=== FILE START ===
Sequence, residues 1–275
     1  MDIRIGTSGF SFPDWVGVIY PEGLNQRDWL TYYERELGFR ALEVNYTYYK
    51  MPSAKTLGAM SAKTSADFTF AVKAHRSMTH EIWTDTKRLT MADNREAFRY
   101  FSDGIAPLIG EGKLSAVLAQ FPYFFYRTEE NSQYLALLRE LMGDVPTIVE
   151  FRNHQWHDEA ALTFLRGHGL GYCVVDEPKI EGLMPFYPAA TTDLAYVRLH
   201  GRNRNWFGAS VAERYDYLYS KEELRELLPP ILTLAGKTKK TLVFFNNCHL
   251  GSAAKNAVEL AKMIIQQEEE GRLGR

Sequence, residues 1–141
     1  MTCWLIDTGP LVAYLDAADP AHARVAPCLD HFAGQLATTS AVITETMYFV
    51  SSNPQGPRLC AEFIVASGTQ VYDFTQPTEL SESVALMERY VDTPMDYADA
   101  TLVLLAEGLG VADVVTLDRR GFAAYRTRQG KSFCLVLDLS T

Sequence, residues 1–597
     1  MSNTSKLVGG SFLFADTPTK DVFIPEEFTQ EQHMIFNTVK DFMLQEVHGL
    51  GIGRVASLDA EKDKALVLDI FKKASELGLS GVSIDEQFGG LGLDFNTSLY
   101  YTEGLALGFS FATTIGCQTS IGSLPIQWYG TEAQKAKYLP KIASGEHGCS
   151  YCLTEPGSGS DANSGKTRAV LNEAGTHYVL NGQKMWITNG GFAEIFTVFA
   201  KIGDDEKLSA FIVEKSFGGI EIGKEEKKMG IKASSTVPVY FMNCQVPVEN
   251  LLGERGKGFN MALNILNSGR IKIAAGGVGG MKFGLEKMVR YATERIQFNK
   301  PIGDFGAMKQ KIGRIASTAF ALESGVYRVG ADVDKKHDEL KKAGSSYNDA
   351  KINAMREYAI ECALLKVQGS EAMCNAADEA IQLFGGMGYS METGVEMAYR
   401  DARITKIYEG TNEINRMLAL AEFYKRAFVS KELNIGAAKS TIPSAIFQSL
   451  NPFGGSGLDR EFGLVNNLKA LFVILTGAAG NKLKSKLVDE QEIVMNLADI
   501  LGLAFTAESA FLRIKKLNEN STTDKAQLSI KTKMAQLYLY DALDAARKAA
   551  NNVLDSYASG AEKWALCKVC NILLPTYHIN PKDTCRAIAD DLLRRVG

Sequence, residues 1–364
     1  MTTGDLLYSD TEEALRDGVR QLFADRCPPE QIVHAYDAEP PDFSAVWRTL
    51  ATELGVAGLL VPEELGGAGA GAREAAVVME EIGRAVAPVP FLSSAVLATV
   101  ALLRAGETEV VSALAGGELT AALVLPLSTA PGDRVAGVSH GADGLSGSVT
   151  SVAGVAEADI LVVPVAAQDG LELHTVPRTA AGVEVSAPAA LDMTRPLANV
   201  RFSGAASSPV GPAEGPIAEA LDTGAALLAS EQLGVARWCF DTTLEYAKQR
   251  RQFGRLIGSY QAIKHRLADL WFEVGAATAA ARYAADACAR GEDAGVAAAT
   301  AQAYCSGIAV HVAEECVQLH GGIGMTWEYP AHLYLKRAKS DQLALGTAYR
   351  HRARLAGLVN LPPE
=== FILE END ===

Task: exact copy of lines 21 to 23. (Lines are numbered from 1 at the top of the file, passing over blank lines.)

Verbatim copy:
   401  DARITKIYEG TNEINRMLAL AEFYKRAFVS KELNIGAAKS TIPSAIFQSL
   451  NPFGGSGLDR EFGLVNNLKA LFVILTGAAG NKLKSKLVDE QEIVMNLADI
   501  LGLAFTAESA FLRIKKLNEN STTDKAQLSI KTKMAQLYLY DALDAARKAA